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order requiring the defendant to pay the plaintiffs' counsel fee. At the conclusion of the argument the court reserved decision and directed counsel to submit briefs on the question of jurisdiction. This was done, supplementary affidavits and papers were filed and on January 18, 1952 the advisory master handed down his conclusions. After a hearing as to its terms the order appealed from was entered. It provided: (1) that the defendant's motion to dismiss the plaintiffs' order to show cause and to dismiss the complaint for lack of jurisdiction be denied; (2) that the care and custody of the infant children be awarded to the plaintiff and her parents until the further order of the court, subject to reasonable visitation by the defendant within this State; (3) that the defendant desist and refrain from taking custody of the children from the plaintiff and removing them from the State until the further order of the court; (4) that the defendant have 20 days within which to file an answer to the complaint; (5) that the case proceed to final hearing; and (6) that the application of the plaintiffs for counsel fees and costs be reserved until final hearing.
The appeal was taken to the Appellate Division pursuant to Rule 4:2-2(a)(3) which permits appeals to be taken from orders, whether or not interlocutory, determining that the court has jurisdiction over the subject matter or the person. Pending its hearing in the Appellate Division we certified the appeal on our own motion.
Appellant raises first the point that the Superior Court of this State lacked jurisdiction of the subject matter of the cause. It cannot be seriously questioned that the court had jurisdiction, and this the appellant admitted on the argument before us but asserted that it should not have been exercised under the facts and circumstances of this particular case. This argument is based on a two-fold proposition, first, that the final judgment of the Canadian court granted custody of the children to the defendant here and therefore our court should not assume jurisdiction under the doctrine of international comity, and secondly, that the complaint contained
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no allegation that the defendant is an unfit person to have custody of the children or that there has been an appreciable change in conditions since the entry of the final judgment of the Canadian court.
As to the jurisdictional question the power of the former Court of Chancery, to which the Superior Court succeeded (Art. XI, Sec. IV, par. 3 of the Constitution of 1948) as parens patriae, is firmly established in our jurisprudence, derived from the common law, our case law and by statute. 1 Bl. Com. * 451; Lyons v. Blenkin, Jac. Chan. Reports 245 (1821); State v. Baird, 19 N.J. Eq. 481 (E. & A. 1868); Richards v. Collins, 45 N.J. Eq. 283 (E. & A. 1889); Lippincott v. Lippincott, 97 N.J. Eq. 517 (E. & A. 1925); cf. Hachez v. Hachez, 124 N.J. Eq. 442 (E. & A. 1938). In dealing with the custody and control of infants the touchstone of our jurisprudence is their welfare and happiness.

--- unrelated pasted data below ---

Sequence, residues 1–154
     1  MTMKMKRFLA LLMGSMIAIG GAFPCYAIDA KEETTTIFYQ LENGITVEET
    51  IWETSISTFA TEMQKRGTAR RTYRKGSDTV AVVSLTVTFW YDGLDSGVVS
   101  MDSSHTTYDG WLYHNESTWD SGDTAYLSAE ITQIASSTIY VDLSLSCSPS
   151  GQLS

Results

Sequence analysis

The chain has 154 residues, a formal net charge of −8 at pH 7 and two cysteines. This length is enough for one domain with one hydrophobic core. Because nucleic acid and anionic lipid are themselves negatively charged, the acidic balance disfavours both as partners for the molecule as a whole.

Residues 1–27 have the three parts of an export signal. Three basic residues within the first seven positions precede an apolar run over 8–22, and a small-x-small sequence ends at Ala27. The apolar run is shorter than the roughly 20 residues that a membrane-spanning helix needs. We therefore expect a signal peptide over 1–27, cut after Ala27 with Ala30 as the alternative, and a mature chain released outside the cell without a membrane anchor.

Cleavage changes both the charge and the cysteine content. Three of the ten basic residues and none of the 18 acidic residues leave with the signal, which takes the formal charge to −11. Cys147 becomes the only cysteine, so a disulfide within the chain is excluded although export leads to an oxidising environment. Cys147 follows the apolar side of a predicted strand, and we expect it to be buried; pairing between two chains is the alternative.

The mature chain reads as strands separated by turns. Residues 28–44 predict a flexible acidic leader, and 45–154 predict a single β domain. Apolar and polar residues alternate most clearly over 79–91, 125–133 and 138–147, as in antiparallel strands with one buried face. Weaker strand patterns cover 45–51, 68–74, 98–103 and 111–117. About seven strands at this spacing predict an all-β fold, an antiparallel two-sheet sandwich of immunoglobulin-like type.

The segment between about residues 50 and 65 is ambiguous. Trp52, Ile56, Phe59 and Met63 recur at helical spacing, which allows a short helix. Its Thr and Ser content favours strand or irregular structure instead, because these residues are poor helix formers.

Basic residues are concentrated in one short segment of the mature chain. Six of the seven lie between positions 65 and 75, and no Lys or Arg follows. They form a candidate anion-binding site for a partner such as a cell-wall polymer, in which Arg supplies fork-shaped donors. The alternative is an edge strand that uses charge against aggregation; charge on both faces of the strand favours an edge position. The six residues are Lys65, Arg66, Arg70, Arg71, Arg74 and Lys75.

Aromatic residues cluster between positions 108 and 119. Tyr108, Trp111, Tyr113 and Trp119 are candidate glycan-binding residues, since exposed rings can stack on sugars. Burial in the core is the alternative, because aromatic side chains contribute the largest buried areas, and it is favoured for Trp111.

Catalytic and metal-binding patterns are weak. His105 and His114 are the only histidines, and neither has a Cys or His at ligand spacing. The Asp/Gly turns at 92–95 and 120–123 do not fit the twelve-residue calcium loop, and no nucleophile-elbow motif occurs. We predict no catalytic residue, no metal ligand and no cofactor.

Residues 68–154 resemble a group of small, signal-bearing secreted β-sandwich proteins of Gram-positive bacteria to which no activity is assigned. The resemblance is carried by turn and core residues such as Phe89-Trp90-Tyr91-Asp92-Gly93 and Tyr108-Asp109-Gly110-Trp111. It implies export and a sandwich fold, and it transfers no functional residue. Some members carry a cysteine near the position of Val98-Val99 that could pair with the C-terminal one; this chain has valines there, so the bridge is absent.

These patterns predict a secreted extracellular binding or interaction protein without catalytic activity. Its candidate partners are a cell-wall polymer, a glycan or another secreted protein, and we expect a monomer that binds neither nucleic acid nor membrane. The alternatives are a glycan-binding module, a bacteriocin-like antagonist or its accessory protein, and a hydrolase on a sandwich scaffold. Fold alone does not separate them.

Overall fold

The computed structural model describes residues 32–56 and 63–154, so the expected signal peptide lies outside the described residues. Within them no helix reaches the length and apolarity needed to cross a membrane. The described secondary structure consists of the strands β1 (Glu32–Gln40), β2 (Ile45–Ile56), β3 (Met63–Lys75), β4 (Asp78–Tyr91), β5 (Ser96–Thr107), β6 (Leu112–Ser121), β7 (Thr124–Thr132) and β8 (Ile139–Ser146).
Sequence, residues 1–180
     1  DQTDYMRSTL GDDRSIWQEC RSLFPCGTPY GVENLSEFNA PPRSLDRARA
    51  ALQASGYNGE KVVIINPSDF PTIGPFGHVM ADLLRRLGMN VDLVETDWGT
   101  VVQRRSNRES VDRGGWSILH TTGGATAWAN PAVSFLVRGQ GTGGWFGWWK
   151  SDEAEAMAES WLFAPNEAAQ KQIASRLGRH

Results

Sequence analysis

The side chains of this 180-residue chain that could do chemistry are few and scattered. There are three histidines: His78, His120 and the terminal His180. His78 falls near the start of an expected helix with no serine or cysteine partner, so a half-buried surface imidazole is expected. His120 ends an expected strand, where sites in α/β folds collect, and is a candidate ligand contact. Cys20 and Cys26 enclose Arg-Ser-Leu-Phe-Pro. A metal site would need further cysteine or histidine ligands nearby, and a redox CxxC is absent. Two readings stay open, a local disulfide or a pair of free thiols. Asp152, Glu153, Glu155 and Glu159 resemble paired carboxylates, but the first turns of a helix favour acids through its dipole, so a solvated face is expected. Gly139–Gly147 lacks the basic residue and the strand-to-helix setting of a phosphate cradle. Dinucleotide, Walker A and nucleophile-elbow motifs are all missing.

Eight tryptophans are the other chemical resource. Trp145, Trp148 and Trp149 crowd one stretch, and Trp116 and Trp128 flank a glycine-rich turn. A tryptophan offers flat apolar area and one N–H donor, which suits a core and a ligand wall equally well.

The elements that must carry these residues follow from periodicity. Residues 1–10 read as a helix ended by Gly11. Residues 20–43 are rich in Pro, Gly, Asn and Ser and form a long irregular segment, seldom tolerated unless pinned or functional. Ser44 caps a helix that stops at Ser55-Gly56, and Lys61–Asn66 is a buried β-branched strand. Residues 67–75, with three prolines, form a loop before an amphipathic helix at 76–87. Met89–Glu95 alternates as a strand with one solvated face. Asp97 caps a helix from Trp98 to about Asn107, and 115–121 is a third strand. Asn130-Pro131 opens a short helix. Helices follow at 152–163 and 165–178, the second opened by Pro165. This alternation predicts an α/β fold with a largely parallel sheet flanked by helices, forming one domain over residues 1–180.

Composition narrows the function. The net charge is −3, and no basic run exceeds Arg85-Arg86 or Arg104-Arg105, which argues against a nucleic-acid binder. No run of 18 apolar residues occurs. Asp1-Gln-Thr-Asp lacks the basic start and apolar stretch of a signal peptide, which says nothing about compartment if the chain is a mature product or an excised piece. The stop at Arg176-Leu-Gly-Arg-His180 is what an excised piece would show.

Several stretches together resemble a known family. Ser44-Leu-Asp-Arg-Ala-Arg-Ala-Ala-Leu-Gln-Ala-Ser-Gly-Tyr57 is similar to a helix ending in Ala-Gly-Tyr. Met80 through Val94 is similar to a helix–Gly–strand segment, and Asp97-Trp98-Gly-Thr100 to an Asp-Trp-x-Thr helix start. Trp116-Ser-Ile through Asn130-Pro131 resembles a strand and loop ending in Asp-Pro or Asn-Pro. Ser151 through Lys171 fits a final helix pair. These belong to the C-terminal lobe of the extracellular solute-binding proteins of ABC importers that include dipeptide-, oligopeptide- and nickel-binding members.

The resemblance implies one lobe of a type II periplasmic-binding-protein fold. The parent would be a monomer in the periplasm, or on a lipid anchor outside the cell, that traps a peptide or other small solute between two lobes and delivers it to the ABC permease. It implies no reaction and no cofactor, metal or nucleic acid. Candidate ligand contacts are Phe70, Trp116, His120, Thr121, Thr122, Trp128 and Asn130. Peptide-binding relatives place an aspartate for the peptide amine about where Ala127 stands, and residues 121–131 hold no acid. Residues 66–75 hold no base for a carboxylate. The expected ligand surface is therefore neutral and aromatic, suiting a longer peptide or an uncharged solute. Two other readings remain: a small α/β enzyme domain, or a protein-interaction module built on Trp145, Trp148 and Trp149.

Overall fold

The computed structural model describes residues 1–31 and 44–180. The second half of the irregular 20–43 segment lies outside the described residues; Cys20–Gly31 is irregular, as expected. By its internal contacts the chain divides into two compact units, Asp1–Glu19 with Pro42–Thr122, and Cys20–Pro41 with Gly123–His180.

Our Divorce Act, R.S. 2:50-37, as amended by L. 1948, c. 320, sec. 25, p. 1291, applicable when this action was instituted, provided inter alia that pending a suit for divorce brought in this State or elsewhere or after judgment the court may make such order touching the care, custody, education and maintenance of the children as the circumstances of the parties and the nature of the case should render fit. This statute was re-enacted in substantially the same form in 1951 and is now N.J.S. 2 A:34-23.
R.S. 9:2-3, as amended by L. 1948, c. 321, sec. 3, and R.S. 9:2-4, as amended by section 4 of the same law, are pertinent. The latter section provides that "in no case shall the court having jurisdiction in this State over the person and custody of any minor permit such child to be removed from this State where the mother or father resides in this State and is the suitable person who should have the custody of such child for its best welfare." The general equity parens patriae jurisdiction implemented by these statutes is predicated upon the minor's residence in this State, Conwell v. Conwell, 3 N.J. 266 (1949). The children of these parties
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were resident here at the time of the institution of this action.